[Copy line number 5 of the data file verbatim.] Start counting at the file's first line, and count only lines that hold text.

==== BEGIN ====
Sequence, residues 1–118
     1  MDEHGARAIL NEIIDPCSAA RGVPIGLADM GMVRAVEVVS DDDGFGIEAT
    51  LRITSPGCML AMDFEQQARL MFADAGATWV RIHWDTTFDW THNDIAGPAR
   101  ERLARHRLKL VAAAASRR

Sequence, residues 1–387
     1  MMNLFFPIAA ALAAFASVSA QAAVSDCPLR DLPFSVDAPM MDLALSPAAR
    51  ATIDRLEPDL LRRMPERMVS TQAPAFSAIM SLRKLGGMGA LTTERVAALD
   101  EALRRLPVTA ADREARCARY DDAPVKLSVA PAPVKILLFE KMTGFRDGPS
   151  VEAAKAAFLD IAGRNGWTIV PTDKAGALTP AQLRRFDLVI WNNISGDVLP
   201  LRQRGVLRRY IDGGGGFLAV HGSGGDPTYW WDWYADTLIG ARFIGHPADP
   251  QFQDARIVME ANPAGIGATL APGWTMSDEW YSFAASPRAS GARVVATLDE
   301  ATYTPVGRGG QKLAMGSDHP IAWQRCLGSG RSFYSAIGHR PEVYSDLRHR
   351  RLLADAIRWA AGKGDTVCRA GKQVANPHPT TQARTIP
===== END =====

Sequence, residues 1–387